Chadwick Boseman's resume was already filled with memorable work when he passed away in August. Whether it was real-life heroes like Jackie Robinson and Thurgood Marshall or the larger-than-life superhero in "The Black Panther," Boseman's range showed no bounds.
But the brilliant actor may have saved his best performance for last in the August Wilson adaptation "Ma Rainey's Black Bottom." Boseman totally commands the screen in a way few actors before him have ever done – a volcanic performance that serves as the anchor for another strong screen adaptation of Wilson's brilliant prose.
"Ma Rainey" takes place over a single afternoon in 1920s Chicago as a band of musicians arrive in a study to work with Ma Rainey (Viola Davis), known as the Mother of Blues.
The band includes Levee (Boseman), an ambitious trumpet player who has designs on breaking out on his own.
As the session drags on, with Rainey battling for control from the white management in charge of the recordings, tensions start to rise – building to events that will forever change the lives of everyone in the studio.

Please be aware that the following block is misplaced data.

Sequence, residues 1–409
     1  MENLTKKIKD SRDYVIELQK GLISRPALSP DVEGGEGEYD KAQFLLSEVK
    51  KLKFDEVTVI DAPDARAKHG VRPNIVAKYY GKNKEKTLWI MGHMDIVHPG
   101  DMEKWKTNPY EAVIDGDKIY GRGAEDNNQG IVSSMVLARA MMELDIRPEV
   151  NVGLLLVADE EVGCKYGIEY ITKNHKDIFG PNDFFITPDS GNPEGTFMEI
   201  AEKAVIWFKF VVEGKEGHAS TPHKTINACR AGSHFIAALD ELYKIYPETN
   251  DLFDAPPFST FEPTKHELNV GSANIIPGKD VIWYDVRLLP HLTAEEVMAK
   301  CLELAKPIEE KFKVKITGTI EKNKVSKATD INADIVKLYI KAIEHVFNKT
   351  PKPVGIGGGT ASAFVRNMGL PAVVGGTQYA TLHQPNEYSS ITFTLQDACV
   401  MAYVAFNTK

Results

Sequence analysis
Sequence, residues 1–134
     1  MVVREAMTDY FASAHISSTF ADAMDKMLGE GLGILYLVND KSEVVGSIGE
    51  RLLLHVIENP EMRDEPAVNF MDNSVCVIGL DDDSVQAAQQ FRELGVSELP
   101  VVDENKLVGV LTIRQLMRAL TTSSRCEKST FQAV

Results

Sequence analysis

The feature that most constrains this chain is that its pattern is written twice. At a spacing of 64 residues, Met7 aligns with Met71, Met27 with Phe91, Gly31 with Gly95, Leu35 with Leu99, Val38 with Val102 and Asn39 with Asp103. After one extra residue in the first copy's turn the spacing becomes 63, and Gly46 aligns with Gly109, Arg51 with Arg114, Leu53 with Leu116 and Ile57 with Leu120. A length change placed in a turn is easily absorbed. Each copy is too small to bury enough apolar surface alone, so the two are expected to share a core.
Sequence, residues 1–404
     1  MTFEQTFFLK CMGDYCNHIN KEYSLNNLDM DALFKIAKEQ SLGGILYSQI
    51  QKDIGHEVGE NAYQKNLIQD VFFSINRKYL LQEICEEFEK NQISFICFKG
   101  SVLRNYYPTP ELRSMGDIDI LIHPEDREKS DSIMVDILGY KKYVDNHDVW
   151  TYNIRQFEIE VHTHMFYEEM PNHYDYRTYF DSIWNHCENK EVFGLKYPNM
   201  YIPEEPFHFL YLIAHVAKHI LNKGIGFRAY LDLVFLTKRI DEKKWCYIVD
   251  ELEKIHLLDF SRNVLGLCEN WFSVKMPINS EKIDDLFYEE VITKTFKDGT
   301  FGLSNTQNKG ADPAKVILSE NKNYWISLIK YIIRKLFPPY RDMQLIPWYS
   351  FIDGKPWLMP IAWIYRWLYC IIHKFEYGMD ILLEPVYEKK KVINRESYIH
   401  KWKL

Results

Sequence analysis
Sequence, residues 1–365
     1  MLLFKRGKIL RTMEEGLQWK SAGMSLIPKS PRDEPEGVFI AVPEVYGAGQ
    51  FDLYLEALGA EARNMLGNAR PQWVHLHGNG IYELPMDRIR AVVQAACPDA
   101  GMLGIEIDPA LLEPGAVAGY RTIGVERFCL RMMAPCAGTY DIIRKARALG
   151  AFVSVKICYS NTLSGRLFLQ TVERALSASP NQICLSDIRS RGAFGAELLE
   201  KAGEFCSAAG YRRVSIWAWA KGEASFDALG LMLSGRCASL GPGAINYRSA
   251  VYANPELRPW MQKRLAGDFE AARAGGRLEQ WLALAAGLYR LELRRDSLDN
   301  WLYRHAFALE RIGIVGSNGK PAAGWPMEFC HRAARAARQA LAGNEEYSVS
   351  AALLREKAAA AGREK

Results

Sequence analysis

Director George C. Wolfe wisely chooses to keep the film confined mostly to the studio and does not try to make this adaptation go beyond its stage roots too much. The decision brings the focus more on the exceptional cast – headlined by Davis and Boseman.
In any other film, Davis would be the story here for a performance in which she effortlessly dissolves into the role, to the extent that she is barely recognizable. Rainey is full of fire and sass, a woman who understands the music game and uses that knowledge to get things done. This is Davis at her very best, a role that will certainly garner awards consideration.
But as good as Davis is, this is ultimately Boseman's movie. It's a performance with so much energy, so much passion, you can't help but wonder if the actor knew while he was filming it that it might well be his final film.
If that was the case, Boseman certainly left everything he had in this work. It's a bittersweet swan song – one that shows how special of a talent he was, but also a bit sad knowing how much more he could have done.
Boseman was truly a once-in-a-generation-type actor. "Ma Rainey's Black Bottom" allows us one last glimpse of his immense talent.